Every person’s got their own “secret to success.” You know, the habit they swear by. Entrepreneurs have them, too. And more than likely, they’re all different tidbits of advice. Eat right, take a day off, get your eight hours of sleep, wake up at the crack of dawn, etc.
Confusing to know which one is really the secret when they’re all so different, right? Actually, no. Most habits of successful entrepreneurs all require the same exact thing: Time management. Look a little deeper at the above “secrets” of eating right, taking a day off, etc. The key ingredient is managing your time.
So when it comes to successful business ownership, time management is something all entrepreneurs must learn to master. Are you up to the challenge?
Time management: Who cares?
As an entrepreneur, you must manage your time appropriately to hit deadlines, grow your business and ensure quality work. But, time management goes beyond your work life. It’s also key to reaching your optimal work-life balance (even if that balance looks different for entrepreneurs than employees!).
Through effective time management, you can set yourself up for successful entrepreneurial habits such as:
- Getting the recommended seven to nine hours of sleep.
- Exercising and eating well (not just living off quick and easy chip bags).
- Taking time off to pursue hobbies.
- Spending time with loved ones.
Time management can also help you actively work to limit burnout. And according to one Harvard Business Review study, entrepreneurs are especially susceptible to burnout. Again, successful entrepreneurship is all about balance, and time management can help you get there.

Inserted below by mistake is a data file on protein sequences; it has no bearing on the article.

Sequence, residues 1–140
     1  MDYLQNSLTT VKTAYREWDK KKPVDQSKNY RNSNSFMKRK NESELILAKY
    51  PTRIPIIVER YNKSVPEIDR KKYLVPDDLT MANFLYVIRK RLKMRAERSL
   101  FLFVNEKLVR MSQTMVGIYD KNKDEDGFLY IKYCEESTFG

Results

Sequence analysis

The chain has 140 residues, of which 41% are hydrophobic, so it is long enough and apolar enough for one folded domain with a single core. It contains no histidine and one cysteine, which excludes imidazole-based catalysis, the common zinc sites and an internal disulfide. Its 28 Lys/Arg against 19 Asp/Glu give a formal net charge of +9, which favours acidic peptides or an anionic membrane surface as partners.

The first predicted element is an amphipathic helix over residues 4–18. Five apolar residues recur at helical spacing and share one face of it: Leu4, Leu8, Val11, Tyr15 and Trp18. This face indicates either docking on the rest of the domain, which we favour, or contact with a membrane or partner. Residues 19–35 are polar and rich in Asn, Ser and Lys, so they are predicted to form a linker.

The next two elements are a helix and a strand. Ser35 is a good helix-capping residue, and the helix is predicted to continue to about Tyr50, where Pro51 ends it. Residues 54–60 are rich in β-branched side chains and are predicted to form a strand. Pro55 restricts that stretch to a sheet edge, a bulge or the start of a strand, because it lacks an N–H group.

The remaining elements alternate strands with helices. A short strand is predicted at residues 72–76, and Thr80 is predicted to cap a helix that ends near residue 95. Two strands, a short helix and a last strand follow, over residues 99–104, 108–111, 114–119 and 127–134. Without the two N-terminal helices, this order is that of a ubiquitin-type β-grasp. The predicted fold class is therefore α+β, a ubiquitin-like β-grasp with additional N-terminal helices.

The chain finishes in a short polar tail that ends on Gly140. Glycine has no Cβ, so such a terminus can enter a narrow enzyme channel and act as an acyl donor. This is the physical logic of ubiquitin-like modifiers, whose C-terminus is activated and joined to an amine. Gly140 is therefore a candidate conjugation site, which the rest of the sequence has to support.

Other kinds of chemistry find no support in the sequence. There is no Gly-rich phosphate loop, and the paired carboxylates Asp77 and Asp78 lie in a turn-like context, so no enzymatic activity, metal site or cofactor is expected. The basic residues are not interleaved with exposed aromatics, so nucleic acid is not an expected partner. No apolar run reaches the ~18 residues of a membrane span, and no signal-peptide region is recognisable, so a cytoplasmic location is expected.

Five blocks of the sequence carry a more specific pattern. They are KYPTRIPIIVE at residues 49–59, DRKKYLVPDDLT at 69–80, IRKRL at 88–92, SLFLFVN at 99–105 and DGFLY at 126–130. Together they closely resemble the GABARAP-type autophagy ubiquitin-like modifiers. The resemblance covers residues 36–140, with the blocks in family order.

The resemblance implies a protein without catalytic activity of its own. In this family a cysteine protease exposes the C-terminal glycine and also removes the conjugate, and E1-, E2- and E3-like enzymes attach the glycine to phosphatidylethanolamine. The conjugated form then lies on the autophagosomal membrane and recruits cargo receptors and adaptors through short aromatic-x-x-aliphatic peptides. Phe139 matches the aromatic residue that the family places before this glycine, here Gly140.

Improving your time management skills 101
Like most things, managing your time takes practice, dedication, patience and a few tips to get started.
To help you improve your time management skills, you can:
- Create a schedule.
- Stay organized.
- Kick procrastination to the curb.
- Skip the multitasking.
- Delegate tasks.
- Automate manual tasks.
1. Create a schedule.
At the beginning of the day, what do you do? Grab a cup of coffee, sit down and dive in? Or, do you map out your day with a list of tasks you want to accomplish? Planning out a daily and weekly schedule may help you improve your time management skills.
You can create a daily or weekly list of things to do using:
- Post-it notes.
- Calendar software (e.g., Google Calendar).
- Project management tools (e.g., Trello).
You can jot down to-dos as they come to you, but be sure to prioritize your list. Some people prefer doing a snowball effect, knocking out little tasks first before taking on larger, more difficult ones. Others want to crank out the most difficult tasks first. See what works best for you and your time, then, go for it.
With so much going on throughout your day, making a to-do list can help you stay on task and prioritize projects.
2. Stay organized.
Nothing throws a wrench in your ability to manage time like forgetting about a meeting or misplacing a document. To help you optimize your time, stay organized when it comes to files, meetings and deadlines.
Some office design ideas to help you stay organized and productive include:
- Separating your workspace.
- Using desks with drawers, filing cabinets, or other organizers.
- Clearing clutter off your desk or workspace.